Stablecoins, Decentralized Financing (DeFi), and cryptocurrency trading platforms are three components that are closely linked to a complex and ever-evolving ecosystem and should therefore be considered holistically when assessing the relative risks to financial stability. Partly due to the advent of DeFi, stablecoin issuers have seen significant growth and their reserves could make them major holders of short-term bonds. The structure of stablecoin means that they are exposed to liquidity mismatch, credit, and operational risks.
In addition, a relatively small number of cryptocurrency trading platforms that bring together multiple types of services and activities including lending and custody, account for the majority of cryptocurrency assets. Some of these platforms operate outside the regulatory perimeter of jurisdiction or do not comply with applicable laws and regulations. This presents the possibility of concentrating risks, as well as emphasizes the lack of transparency in their activities.
With regard to Stablecoin, despite concerns about compliance with regulations, the quality and adequacy of cash and risk management, and governance standards, their growth has continued. At present, stablecoins are mainly used as a bridge between traditional fiat currencies and cryptocurrencies, but this has implications for the stability and operation of cryptocurrency markets. So if a significant stablecoin fails, liquidity in the wider cryptocurrency ecosystem (including DeFi) is likely to be limited, disrupting trading and potentially causing stress in these markets. This could also be transmitted to short-term financing markets if stablecoin reserves were liquidated in a disorderly manner.
In summary, although the extent and nature of the use of cryptographic data varies somewhat between jurisdictions, financial stability risks could escalate rapidly for some areas that require constant vigilance, such as the areas listed below:
- Risk of financial stability from increasing involvement of the banking sector in the cryptocurrency ecosystem, especially where the activities lead to exposure of the balance sheet to cryptocurrencies, which are not covered by (or do not comply with) the appropriate regulatory approach.
- Risk of financial stability from institutional investors who increase their exposure to cryptographic assets in relation to the size of their portfolios. The risks could be further increased if such exposures use high levels of leverage, including through the use of cryptocurrency derivatives.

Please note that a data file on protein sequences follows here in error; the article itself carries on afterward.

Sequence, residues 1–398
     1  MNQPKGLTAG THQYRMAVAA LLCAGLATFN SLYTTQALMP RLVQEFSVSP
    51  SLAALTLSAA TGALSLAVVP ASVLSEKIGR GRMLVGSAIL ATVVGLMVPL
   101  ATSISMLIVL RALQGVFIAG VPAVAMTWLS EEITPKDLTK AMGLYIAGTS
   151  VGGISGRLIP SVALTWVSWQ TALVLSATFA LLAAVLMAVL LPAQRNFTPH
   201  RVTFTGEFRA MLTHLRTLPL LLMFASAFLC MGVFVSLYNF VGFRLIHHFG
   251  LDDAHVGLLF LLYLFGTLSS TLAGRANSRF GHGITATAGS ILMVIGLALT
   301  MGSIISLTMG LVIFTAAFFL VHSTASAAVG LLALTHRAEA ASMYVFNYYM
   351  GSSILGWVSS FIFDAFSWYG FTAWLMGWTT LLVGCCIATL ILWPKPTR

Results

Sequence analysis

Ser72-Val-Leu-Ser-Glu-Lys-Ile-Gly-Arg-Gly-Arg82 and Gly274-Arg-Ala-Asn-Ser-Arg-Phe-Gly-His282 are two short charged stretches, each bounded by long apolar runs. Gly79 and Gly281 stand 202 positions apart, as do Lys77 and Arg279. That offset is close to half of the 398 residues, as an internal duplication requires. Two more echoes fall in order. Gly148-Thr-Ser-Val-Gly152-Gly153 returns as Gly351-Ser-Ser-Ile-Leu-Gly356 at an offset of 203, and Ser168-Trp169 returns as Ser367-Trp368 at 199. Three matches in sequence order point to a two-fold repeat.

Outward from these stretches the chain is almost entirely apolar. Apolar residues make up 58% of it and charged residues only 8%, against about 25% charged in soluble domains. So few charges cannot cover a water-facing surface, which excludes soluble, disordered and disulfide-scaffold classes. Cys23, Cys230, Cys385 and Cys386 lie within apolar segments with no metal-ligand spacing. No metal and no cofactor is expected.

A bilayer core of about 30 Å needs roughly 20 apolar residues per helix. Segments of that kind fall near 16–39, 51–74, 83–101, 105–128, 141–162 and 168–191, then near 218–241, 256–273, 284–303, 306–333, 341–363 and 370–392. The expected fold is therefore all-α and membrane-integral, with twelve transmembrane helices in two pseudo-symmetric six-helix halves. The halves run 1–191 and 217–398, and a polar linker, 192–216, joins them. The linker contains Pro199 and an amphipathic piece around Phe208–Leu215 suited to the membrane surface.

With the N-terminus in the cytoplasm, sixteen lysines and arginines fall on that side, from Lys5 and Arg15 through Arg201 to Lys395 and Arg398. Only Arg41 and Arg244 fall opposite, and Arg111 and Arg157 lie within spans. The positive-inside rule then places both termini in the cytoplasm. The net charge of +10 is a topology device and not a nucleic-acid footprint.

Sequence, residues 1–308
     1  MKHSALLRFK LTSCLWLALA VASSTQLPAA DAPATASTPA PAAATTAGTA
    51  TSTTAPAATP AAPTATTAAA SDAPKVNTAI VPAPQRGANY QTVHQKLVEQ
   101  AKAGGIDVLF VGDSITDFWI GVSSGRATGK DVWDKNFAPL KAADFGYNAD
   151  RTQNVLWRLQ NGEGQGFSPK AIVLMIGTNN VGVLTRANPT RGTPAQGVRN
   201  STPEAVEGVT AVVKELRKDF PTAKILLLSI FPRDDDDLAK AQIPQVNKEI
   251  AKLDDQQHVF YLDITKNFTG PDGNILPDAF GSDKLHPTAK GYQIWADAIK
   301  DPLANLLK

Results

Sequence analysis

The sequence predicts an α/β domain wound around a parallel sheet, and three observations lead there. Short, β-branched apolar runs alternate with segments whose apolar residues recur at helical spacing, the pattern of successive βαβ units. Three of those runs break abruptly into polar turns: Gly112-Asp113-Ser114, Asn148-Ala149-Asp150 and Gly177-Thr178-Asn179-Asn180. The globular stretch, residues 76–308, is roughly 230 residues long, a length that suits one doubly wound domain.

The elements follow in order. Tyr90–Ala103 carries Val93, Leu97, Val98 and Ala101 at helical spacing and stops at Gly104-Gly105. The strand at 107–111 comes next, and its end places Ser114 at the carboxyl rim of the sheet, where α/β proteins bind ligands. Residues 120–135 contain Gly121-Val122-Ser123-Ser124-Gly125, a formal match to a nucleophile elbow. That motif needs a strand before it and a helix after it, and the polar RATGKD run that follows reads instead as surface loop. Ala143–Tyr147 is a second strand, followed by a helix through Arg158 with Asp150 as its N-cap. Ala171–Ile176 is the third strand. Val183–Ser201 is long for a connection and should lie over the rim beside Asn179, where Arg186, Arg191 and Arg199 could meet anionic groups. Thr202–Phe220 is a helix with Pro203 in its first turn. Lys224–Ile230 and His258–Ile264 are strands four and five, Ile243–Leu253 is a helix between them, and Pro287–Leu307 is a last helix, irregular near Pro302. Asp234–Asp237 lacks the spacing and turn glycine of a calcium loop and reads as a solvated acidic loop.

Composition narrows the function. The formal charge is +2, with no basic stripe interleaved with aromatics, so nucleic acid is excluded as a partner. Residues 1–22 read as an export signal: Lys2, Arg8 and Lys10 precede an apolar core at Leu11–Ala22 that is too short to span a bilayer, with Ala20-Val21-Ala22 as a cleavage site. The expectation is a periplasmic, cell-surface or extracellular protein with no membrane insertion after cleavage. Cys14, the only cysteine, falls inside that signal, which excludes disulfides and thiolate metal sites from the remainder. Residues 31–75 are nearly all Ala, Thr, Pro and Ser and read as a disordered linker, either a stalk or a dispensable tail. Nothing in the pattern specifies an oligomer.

- Risk of financial stability from acceleration in the adoption of cryptographic data for payments. This could be through partnerships with established payment companies or retailers / social networks.
- Risk of financial stability from the development, role, and risks associated with cryptocurrency trading platforms.
- Risk of financial stability from losses in cryptographic assets, when accompanied by leverage, liquidity mismatch, and interconnections with the traditional financial system, where they may reinforce the systemic risk arising from the impact on wealth.
- Risk of financial stability from the rapid development of DeFi, in the absence of clearly identifiable intermediaries or parties responsible for governance.
- Risk of financial stability due to different regulatory approaches that could lead to regulatory arbitrage, thus increasing the potential systemic risks.
- Risk of financial stability from data gaps that hinder risk assessment and calibration of policy options.
To address all of the above and given the international and diverse nature of cryptocurrency markets, authorities around the world will prioritize cross-border and cross-sectoral cooperation. Where there will be a greater focus is on significantly enhancing monitoring to minimize regulatory arbitrage through further collaboration and exchange of information to keep pace with developments in cryptocurrencies.